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Since there's no help, come let us kiss and part!
Nay, I have done; you get no more of me;
And I am glad, yea, glad with all my heart,
That thus so clearly I myself can free.
Shake hands for ever, cancel all our vows,
And when we meet at any time again
Be it not seen on either of our brows
That we one jot of former love retain.
Now at the last gasp of love's latest breath,
When his pulse failing Passion speechless lies,
When Faith is kneeling by his bed of death,
And Innocence is closing up his eyes;

Now if thou would'st, when all have given him over,
From death to life thou might'st him yet recover.

The concluding poem of this paper, although in a very different style, resembles its companions in the one grand quality of being amongst the best, if not the very best, of its class, at once a promise and a performance. That promise has been amply redeemed. A singular honour befell our English Apollo, that of being recited at the foot of the statue (then still in the Louvre), by no less a person than Mrs. Siddons herself. The grace and harmony of the verse are worthy of such a distinction.


An Oxford Prize Poem.

Heard ye the arrow hurtle in the sky?
Heard ye the dragon monster's deathful cry?
In settled majesty of fierce disdain,

Proud of his might, yet scornful of the slain,
The heavenly archer stands ;-no human birth,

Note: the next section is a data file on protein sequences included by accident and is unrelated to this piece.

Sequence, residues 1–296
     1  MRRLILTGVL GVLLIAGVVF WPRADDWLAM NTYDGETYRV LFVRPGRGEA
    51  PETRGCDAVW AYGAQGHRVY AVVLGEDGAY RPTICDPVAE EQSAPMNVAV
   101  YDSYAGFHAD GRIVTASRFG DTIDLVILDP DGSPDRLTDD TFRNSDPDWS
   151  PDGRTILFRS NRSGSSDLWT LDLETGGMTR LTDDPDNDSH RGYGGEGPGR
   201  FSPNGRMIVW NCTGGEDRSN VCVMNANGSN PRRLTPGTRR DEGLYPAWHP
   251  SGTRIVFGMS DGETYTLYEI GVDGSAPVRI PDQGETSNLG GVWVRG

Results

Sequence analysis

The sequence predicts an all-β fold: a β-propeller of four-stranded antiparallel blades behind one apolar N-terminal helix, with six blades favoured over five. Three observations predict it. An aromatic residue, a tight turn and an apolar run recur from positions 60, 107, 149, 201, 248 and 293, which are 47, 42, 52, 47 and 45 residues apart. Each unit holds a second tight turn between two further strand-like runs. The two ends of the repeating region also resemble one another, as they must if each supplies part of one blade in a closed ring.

No perishable denizen of earth;

Youth blooms immortal in his beardless face,
A god in strength with more than godlike grace;

All, all divine,—no struggling muscle glows,
Through heaving vein no mantling life-blood flows,
But animate with deity alone,

In deathless glory lives the breathing stone.

Bright kindling with a conqueror's stern delight,
His keen eye tracks the arrow's fateful flight;
Burns his indignant cheek with vengeful fire,
And his lip quivers with insulting ire:

Firm fixed his tread, yet light, as when on high
He walks the impalpable and pathless sky :
The rich luxuriance of his hair, confined
In graceful ringlets, wantons on the wind
That lifts in sport his mantle's drooping fold,
Proud to display that form of faultless mould.

Mighty Ephesian! with an eagle's flight

Thy proud soul mounted through the fields of light,
Viewed the bright concave of Heaven's blest abode,
And the cold marble leapt to life a God:
Contagious awe through breathless myriads ran,
And nations bowed before the work of man.
For mild he seemed as in Elysian bowers
Wasting in careless ease the joyous hours;
Haughty, as bards have sung, with princely sway
Curbing the fierce flame-breathing steeds of day;
Beauteous as vision seen in dreamy sleep
By holy maid, on Delphi's haunted steep,
Mid the dim twilight of the laurel grove,
Too fair to worship, too divine to love.

Yet on that form, in wild delirious trance,

With more than reverence gazed the Maid of France.
Day after day the love-sick dreamer stood
With him alone, nor thought it solitude;
To cherish grief, her last, her dearest care;
Her one fond hope-to perish of despair.
Oft as the shifting light her sight beguiled,
Blushing she shrunk, and thought the marble smiled;
Oft breathless listening heard, or seemed to hear—
A voice of music melt upon her ear.

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Slowly she waned, and, cold and senseless grown,